Entrance to the grounds of Meiji Shrine.


The Shrine.

As darkness began to fall upon the city, we left Harajuku, and took a short train ride to Shinjuku to see the neon lights, large video displays, and the crowds outside the station at night.


Outside Shinjuku station at night

Outside the station near the Kabukicho district, a band played in the shadows, illuminated only by the neon and large video displays of the buildings across the street.

As I mentioned earlier, for the next few days I was on my own, as Ritsuko stayed in our hotel room, suffering with the flu, trying to recover sufficiently so that she could make the trip home. One day, I went to the Ginza early in the morning, home of some of the most expensive real estate in the world.


Ginza on a Monday morning

Later I took the Ginza Line Metro subway to Meijijingumae station, and walked through Yoyogi Park and the site of the 1964 Olympics. Then I walked to Shinjuku, had lunch, and then hopped on a train and went back to Asakusa to see how Ritsuko was doing.

Even though Ritsuko was unable to enjoy our last couple of days in Tokyo, overall it was a great trip. I only hope that the next time we go, that both of us are able to remain healthy for the entire vacation so that we can fully enjoy all of our days in Japan.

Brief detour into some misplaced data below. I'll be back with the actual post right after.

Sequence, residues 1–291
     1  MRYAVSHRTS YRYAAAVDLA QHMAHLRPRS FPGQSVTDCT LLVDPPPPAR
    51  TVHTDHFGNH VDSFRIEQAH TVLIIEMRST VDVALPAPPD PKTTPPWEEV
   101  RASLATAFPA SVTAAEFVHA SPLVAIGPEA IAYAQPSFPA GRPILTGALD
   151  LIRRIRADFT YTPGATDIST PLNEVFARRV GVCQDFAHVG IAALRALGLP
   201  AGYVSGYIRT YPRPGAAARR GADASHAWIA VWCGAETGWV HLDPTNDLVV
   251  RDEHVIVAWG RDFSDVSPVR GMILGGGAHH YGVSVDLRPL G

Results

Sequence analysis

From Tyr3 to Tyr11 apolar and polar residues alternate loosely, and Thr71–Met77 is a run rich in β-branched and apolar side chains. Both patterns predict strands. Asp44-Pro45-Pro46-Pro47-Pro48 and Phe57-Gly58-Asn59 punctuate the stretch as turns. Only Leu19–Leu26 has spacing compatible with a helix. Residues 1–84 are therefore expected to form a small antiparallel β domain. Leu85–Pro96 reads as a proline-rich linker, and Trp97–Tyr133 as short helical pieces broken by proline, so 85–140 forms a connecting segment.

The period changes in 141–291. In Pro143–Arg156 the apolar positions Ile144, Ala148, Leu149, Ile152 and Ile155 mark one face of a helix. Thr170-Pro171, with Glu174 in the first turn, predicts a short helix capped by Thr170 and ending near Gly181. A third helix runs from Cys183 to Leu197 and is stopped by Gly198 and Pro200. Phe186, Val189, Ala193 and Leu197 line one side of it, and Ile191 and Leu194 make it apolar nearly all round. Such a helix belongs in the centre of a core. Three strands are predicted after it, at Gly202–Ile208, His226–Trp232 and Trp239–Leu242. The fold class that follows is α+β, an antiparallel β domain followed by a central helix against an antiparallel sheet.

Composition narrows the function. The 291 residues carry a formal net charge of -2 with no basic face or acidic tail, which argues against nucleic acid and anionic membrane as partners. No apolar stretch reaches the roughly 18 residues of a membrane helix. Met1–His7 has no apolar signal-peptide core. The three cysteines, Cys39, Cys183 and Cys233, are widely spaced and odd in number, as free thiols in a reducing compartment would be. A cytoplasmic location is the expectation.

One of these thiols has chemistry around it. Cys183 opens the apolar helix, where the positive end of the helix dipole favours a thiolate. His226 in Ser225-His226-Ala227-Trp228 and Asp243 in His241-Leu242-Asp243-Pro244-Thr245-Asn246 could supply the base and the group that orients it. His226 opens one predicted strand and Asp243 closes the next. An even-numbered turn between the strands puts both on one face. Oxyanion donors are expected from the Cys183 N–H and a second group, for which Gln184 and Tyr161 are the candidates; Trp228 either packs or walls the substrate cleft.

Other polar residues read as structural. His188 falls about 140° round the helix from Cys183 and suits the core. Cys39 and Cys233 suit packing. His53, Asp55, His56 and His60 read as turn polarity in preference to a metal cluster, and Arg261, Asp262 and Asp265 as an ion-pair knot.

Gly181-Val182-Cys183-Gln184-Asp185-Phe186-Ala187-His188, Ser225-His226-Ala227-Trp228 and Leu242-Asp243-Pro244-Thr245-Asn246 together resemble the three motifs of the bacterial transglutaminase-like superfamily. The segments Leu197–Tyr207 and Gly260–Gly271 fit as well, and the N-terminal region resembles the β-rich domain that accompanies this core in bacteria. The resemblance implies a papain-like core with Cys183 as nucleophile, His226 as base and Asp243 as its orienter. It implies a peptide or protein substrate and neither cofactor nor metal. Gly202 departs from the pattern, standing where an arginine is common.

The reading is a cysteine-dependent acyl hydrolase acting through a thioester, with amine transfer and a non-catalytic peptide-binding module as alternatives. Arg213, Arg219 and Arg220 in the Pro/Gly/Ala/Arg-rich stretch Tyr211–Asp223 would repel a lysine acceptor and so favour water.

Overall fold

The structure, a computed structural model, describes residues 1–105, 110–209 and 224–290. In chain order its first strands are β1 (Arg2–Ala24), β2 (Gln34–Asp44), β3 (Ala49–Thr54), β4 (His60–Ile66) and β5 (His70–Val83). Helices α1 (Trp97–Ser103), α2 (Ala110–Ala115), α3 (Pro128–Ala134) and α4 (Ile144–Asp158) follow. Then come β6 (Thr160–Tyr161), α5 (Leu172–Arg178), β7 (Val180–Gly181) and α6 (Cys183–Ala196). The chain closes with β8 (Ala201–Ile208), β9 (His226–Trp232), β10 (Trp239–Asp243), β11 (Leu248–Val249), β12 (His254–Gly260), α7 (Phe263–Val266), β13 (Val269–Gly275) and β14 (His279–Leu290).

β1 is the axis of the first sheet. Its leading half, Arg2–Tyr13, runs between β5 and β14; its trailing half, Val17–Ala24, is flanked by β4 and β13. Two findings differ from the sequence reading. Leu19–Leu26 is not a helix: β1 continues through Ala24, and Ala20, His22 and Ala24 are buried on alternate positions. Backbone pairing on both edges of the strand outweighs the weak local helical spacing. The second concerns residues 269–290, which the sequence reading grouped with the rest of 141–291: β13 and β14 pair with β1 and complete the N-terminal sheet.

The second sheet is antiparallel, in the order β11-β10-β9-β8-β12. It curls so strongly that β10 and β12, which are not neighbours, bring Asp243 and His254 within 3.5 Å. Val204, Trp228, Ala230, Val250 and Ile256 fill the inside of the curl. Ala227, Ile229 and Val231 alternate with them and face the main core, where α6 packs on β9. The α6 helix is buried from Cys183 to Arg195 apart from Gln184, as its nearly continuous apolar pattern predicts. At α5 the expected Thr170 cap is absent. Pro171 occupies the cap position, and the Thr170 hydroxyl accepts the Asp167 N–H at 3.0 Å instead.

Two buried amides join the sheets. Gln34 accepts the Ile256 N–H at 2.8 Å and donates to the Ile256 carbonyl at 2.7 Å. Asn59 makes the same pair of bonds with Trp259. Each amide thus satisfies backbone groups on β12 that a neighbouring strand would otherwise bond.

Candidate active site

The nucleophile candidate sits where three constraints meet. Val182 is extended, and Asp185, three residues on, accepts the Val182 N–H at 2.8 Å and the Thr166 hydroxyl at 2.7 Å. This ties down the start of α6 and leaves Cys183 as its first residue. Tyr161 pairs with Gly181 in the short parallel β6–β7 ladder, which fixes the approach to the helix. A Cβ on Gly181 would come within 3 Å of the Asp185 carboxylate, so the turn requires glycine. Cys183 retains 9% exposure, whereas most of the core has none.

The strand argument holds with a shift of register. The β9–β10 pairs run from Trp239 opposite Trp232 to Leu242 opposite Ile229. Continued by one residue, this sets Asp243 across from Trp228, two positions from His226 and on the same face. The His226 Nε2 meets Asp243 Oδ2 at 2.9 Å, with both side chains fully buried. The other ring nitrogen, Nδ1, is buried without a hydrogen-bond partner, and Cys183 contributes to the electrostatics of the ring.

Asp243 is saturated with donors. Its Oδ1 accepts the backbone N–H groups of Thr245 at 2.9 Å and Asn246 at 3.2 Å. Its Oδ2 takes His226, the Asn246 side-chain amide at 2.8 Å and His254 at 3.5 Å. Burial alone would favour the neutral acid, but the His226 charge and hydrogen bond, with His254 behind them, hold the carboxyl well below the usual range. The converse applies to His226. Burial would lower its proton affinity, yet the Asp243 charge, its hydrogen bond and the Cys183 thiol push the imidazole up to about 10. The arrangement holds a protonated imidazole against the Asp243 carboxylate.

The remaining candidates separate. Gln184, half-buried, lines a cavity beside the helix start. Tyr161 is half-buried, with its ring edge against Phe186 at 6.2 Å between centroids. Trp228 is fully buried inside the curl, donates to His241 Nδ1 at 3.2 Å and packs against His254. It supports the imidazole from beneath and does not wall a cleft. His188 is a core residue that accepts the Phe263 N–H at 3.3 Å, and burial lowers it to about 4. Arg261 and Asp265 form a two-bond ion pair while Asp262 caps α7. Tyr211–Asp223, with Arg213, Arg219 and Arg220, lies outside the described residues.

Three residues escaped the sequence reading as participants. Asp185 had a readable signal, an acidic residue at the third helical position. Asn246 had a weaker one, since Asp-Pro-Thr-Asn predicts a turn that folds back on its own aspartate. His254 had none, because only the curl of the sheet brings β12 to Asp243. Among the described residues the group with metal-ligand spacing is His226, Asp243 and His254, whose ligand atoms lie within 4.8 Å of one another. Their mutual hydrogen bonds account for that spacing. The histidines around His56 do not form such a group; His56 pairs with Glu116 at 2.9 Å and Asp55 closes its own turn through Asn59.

| Published by: Japan Days  logo
 | Date Modified: January 20, 2023

Japan Culture

Post Date: August 11, 2019

"Be like a train; go in the rain, go in the sun, go in the storm, go in the dark tunnels! Be like a train; concentrate on your road and go with no hesitation! " --Mehmet Murat ildan

Kyoto Railway Museum Entrance

During the Kyoto leg of our 2017 spring trip to Japan, one of our goals was to visit the Kyoto Railway Museum. During our 2016 visit to Kyoto, we had missed the opening of the museum by just a few days, and we were determined to go there during this trip.